District discusses layered approach to teaching unvarnished U.S. history

The curriculum committee of the South Orange–Maplewood Board of Education discusses the social studies curriculum at its Dec. 14 meeting.

MAPLEWOOD/SOUTH ORANGE, NJ — South Orange–Maplewood School District social studies supervisor Christopher Preston gave an update on curriculum to the Board of Education’s Curriculum Committee on Dec. 14, saying that grade-level proficiencies were created by the district in 2019 for kindergarten through 12th grade and aligned with the state Amistad curriculum.

“This actually goes beyond what was stated in the New Jersey standards by addressing topics with specificity that are Afrocentric and Atlantic world centric, and got away from a Western-dominated narrative,” Preston said at the meeting. “This begins as early as grade four, when we look at the peopling of Africa and the Americas prior to the arrival of the Europeans. The Europeans are viewed and portrayed as someone who came into somewhere that is already preexisting with their own civilizations, ways of life and ways of approaching the world.”

Teaching history begins in fourth grade, according to Preston. Introductory lessons are taught about what history is, along with human migration, the empires of West Africa and the Americas before Christopher Columbus.

“This is an introductory lesson about perspective, whose story is taught and the i
mportance of being mindful of who is not mentioned in the story,” Preston said. “The study of history is really a construction. It’s not something that just is. There are conscious choices and we as educators realize that this is a constructed narrative. What’s left in and what’s left out is an important thing to consider.”

The district also goes beyond the state guidelines when naming specific historical figures.
“What we are looking to do early on in history is give students names and events and their stories, to really teach the larger narrative that we want to portray,” Preston said, adding that as students reach sixth grade, more names are introduced into the curriculum. “The story of abolitionists and people who were involved in civil rights is something that we do.”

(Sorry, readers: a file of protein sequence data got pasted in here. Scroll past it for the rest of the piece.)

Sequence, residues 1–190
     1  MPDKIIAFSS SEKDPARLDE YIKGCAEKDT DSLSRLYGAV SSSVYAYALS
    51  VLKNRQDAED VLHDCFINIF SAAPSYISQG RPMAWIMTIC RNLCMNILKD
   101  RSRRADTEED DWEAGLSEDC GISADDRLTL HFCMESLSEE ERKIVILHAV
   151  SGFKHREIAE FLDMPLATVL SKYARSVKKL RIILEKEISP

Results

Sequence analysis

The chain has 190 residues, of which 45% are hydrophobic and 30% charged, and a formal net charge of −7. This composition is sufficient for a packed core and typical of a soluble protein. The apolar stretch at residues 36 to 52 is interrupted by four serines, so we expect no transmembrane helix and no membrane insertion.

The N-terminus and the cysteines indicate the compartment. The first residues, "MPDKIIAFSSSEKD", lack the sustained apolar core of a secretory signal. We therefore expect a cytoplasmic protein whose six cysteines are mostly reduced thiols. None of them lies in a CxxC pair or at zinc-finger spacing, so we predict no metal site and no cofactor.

For instance, students in fourth grade learn about Thomas Jefferson, Benjamin Franklin, George Washington and William Livingston, the first governor of New Jersey; then Harriet Tubman and Nat Turner are introduced in sixth-grade social studies, which focuses on U.S. history. The curriculum from fourth through sixth grades starts with basics and then adds context and varied perspectives as the children grow.

World history is the focus of seventh- and eighth-grade social studies, preparing students for the world history class that all freshmen at Columbia High School take.
“At the high school level, one point of emphasis that we begin to do is really focusing on race as a social construction and delving deeply into issues of race and racism,” Preston said.

High school students are also learning about the history of slavery in New Jersey, using the Durand-Hedden House in Maplewood’s publication from this year, “Slavery in New Jersey: A Troubled Past.” An exhibit in the CHS gallery is currently exploring the topic with sophomores, who are covering the historical period in their classes.
“In the state standards, it mentions nothing about enslavement or abolition in the state of New Jersey, and we wanted to take something that was typically associated with grade four and really turn this focus on as well,” Preston said.

BOE member Courtney Winkfield asked Preston how the district is incorporating implicit bias training into professional development for staff.
“I want to ensure that there’s a link between what we’re expecting our history teachers in particular to teach in the Amistad curriculum and how we expect them to utilize the tools in these implicit bias and cultural competency trainings to ensure that they’re prepared for what might come up in the classroom and also feel empowered to be able to address some of what the students may bring up,” Winkfield said at the meeting.

According to Preston, individual lessons are cross-referenced with the professional development that social studies staff takes to see where they meet and what needs to be improved. He also discussed upcoming lesson plans with teachers about two weeks before they begin teaching a unit to come across any potential pitfalls and what should and shouldn’t be included. BOE First Vice President Shannon Cuttle said the district should be mindful of not just checking off benchmarks to meet curriculum requirements.

“We don’t want Amistad to be here, AAPI curriculum to be somewhere else and LGBT curriculum there,” Cuttle said at the meeting. “There should be a clear understanding of an ebb and flow and how it interacts with everything that we do. That’s the intent of all this curriculum that we’re doing that’s diverse. It’s intersectional, and I want to be mindful of that.”

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